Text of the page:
Absolutely; my life is optimized around getting up and out of the house as fast as possible, then doing whatever I can to cut down the amount of time spent at work; so that I can get back and spend time with the kids/walk the dog/see the wife, so fifteen minutes in the morning and forty five minutes at lunch get me back an extra hour at the end of the working day. For me, soylent has been great. I'm happy that you have oodles of free time to spend on things like making cheap, tasty and textured lunch; but for my life, it works well and I'm very pleased with the trade off.
Fifteen minutes in the morning to prepare lunch? It takes me thirty seconds to prepare mine, probably less time than the gloop-mix preparation you describe, and costs about £1.50. And it has the advantage of having both solid and liquid components, along with a variety of flavours.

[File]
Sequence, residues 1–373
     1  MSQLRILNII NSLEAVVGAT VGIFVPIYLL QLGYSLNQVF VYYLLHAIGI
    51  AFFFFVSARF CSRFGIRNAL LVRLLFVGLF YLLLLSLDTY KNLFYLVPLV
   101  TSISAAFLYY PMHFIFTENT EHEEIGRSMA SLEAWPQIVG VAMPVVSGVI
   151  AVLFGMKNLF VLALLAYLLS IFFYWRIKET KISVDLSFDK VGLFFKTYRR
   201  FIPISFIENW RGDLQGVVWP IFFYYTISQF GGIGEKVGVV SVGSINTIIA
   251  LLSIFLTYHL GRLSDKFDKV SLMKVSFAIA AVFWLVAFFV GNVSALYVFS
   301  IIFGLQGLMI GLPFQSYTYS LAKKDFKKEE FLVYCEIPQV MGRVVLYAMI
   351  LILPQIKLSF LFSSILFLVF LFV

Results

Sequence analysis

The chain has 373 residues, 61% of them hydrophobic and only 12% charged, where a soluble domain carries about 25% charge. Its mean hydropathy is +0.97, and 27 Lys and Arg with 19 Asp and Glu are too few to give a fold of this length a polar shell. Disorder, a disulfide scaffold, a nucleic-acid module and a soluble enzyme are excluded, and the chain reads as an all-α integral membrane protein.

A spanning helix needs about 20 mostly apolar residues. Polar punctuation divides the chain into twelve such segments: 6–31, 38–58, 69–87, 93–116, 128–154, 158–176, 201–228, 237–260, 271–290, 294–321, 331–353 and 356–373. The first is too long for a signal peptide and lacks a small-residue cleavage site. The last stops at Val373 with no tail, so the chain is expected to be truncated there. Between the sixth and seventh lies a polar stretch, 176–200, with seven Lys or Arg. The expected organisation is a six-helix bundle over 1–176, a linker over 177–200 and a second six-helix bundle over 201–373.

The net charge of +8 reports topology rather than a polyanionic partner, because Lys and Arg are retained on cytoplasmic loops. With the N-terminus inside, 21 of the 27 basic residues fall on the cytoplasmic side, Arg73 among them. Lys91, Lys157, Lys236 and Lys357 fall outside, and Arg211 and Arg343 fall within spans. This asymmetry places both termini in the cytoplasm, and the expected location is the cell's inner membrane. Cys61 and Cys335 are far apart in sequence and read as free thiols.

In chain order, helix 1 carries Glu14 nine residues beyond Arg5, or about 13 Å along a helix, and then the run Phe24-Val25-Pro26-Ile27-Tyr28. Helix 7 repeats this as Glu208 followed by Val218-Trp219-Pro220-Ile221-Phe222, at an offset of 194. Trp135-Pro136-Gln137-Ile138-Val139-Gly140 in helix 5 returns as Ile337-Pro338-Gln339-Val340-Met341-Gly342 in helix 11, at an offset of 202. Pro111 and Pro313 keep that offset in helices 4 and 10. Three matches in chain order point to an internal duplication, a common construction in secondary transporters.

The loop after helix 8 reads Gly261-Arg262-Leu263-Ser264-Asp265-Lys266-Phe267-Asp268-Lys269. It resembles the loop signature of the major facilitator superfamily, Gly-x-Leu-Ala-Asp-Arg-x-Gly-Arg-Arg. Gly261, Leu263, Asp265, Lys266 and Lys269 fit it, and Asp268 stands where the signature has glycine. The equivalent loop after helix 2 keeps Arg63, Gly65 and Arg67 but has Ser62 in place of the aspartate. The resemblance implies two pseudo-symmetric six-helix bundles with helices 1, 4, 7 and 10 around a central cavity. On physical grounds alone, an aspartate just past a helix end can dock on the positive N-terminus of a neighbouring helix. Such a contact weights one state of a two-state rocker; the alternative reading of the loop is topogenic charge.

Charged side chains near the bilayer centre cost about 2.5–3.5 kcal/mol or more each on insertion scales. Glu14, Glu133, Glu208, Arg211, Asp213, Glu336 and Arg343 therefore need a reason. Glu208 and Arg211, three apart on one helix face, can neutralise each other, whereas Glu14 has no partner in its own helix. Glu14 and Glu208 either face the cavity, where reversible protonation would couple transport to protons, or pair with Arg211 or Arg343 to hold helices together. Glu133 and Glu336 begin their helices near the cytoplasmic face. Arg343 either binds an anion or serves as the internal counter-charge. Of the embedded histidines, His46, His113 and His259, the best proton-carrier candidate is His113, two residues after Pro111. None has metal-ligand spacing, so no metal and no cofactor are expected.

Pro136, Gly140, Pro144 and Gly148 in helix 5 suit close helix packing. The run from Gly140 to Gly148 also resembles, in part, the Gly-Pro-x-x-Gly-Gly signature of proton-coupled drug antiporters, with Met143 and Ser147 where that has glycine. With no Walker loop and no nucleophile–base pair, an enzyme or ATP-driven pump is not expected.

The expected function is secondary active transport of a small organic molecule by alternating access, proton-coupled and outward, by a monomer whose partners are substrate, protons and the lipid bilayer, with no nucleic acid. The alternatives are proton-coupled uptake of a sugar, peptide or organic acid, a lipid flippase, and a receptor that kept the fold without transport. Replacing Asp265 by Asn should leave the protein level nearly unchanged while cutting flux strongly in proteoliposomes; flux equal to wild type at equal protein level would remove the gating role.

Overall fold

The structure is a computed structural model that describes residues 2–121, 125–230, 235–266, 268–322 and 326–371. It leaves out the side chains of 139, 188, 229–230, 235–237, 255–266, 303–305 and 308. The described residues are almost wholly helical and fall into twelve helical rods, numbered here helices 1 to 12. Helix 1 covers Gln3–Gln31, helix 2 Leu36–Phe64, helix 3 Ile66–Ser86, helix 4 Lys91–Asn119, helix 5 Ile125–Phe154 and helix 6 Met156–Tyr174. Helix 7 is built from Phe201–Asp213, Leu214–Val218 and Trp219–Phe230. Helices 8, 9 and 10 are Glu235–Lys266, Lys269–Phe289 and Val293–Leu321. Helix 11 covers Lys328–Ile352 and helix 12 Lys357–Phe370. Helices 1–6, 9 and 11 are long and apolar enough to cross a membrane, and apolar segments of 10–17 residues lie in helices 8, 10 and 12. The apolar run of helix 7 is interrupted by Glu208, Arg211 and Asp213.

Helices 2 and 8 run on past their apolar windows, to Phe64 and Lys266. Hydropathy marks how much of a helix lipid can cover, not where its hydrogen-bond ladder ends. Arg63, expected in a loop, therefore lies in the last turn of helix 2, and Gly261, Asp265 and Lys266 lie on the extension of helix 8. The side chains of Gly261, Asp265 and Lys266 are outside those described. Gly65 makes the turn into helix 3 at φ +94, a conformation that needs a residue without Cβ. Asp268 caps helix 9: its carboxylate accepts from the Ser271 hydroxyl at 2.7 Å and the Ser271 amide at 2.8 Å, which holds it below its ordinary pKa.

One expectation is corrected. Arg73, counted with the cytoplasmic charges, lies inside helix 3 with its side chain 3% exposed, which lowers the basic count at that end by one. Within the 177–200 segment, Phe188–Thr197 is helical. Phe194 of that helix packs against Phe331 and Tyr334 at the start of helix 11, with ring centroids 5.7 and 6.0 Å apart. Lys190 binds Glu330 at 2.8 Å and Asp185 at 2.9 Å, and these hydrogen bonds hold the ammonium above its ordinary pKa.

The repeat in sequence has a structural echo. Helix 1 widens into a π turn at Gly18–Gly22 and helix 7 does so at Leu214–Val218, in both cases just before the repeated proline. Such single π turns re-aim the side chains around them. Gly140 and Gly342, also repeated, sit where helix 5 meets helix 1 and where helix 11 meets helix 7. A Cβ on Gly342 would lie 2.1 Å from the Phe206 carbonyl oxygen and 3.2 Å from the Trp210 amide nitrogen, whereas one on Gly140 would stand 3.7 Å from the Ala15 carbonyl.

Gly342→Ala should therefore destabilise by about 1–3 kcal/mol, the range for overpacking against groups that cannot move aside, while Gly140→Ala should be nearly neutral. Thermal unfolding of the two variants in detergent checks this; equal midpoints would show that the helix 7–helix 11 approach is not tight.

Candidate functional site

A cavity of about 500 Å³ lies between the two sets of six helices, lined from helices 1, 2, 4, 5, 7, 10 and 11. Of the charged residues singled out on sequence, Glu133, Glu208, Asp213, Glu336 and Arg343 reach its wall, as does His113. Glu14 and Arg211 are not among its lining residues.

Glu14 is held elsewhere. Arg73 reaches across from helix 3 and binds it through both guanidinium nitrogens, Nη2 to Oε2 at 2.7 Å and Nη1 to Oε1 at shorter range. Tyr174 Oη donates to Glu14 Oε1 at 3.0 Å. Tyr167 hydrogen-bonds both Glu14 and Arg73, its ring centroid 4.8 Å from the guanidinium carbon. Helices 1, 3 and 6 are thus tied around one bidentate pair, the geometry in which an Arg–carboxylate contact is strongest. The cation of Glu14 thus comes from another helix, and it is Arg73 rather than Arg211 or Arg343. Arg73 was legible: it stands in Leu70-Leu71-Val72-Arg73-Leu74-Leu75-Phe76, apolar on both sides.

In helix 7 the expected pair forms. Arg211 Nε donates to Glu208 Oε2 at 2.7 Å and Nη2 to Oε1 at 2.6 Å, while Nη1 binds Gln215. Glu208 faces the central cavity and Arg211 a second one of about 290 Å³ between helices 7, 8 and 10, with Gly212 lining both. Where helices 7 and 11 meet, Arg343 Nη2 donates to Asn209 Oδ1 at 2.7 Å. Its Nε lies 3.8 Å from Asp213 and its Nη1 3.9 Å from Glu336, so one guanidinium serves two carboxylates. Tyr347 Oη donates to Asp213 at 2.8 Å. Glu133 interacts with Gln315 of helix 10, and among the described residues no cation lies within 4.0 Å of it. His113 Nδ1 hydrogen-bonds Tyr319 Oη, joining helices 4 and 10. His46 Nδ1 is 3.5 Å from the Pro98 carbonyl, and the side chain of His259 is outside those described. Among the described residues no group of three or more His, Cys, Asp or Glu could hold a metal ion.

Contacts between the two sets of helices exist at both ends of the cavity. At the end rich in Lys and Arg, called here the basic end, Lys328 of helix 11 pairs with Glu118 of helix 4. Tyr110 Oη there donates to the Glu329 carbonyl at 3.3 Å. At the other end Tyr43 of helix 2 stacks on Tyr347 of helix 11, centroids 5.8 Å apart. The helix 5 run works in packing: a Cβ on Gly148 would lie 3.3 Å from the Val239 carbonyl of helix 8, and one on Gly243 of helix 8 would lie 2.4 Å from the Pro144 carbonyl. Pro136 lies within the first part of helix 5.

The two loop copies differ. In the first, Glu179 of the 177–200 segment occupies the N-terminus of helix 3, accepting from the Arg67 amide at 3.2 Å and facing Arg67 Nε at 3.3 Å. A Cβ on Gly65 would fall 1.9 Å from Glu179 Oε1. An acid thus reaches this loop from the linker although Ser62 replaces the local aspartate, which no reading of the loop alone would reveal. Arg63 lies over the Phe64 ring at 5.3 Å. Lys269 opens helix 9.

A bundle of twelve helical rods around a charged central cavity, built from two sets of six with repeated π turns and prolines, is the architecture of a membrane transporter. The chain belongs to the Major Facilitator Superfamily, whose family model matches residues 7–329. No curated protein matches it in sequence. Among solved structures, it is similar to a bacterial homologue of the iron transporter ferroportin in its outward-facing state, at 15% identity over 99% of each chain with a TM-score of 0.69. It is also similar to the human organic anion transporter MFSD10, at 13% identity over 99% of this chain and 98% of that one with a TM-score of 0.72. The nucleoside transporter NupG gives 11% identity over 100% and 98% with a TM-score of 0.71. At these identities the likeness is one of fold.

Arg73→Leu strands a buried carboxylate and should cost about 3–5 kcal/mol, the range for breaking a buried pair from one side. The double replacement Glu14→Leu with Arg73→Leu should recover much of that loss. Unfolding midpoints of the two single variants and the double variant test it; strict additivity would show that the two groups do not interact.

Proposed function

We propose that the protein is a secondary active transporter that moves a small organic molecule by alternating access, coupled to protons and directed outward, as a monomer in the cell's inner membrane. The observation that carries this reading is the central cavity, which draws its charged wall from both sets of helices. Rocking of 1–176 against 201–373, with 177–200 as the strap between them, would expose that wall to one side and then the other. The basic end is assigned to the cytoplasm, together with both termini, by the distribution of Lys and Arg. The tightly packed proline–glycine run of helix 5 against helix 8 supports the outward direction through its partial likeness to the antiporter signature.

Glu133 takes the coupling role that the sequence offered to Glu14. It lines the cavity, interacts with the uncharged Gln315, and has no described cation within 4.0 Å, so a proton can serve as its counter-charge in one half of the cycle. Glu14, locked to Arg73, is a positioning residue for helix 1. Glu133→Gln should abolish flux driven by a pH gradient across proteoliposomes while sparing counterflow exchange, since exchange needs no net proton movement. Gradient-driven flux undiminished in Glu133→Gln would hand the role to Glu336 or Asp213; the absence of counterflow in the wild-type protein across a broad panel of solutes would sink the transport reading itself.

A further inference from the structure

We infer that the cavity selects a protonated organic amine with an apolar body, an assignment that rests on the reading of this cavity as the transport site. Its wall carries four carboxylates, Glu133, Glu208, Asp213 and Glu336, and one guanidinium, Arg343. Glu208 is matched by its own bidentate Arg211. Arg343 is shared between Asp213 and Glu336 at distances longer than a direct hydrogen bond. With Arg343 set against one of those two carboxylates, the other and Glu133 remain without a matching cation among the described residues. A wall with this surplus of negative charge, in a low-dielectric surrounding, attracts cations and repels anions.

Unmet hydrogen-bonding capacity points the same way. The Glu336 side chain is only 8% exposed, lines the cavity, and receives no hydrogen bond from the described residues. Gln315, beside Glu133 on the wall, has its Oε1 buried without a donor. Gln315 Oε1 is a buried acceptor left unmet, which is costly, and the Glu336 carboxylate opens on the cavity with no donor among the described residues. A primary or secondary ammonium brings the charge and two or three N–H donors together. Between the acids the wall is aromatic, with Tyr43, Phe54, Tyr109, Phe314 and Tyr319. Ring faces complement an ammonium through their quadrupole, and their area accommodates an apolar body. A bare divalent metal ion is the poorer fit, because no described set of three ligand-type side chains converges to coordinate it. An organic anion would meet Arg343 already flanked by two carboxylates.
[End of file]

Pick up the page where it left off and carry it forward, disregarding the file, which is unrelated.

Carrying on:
Whatever floats your boat dear, but to me that's a damned expensive and unappetising way to get that many calories. And I've nothing against artificial foods, I had fake bacon sarnies for breakfast just yesterday, and mmm, they tasted so good! (also mildly expensive, but much more pleasurable than drinking even, say, a strawberry milk shake).
Part of the gastric system relies on information from your mouth, like chewing and suchlike to prepare the body for what's to come.
The senses in your mouth tell the brain what is going on and the brain in turn tells the stomach, pancreas and associated bits to get a move on.
As I'm sure people who have eaten chewing gum can testify, mimicking eating food doesn't half play havoc with your gut and so, conversely, not giving your gastric system an heads up must have some consequences.
I always considered the "everything you need in one handy serving" would have been like a flapjack, indeed, for about three years I made flapjacks every week, to eat at work. Easy to make, plenty of options for flavouring and if enough consideration has gone into it, a perfect nutritional meal, that provides energy throughout the day.